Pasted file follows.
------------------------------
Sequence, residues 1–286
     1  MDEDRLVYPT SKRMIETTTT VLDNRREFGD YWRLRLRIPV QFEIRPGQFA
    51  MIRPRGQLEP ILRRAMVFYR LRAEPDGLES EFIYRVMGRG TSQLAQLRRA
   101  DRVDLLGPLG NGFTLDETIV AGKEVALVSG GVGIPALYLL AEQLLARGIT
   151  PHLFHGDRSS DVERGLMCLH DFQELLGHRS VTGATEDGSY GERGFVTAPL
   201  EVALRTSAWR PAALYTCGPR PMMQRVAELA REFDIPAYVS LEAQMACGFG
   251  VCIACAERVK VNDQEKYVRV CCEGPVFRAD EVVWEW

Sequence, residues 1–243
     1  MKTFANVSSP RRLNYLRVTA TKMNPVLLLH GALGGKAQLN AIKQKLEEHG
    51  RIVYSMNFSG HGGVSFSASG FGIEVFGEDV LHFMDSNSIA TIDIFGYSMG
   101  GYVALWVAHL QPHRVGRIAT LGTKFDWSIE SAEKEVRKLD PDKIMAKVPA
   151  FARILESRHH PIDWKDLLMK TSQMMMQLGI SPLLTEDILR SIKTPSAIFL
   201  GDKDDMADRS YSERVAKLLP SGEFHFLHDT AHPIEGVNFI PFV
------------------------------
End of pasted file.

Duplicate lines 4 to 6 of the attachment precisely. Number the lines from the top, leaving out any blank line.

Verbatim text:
   101  DRVDLLGPLG NGFTLDETIV AGKEVALVSG GVGIPALYLL AEQLLARGIT
   151  PHLFHGDRSS DVERGLMCLH DFQELLGHRS VTGATEDGSY GERGFVTAPL
   201  EVALRTSAWR PAALYTCGPR PMMQRVAELA REFDIPAYVS LEAQMACGFG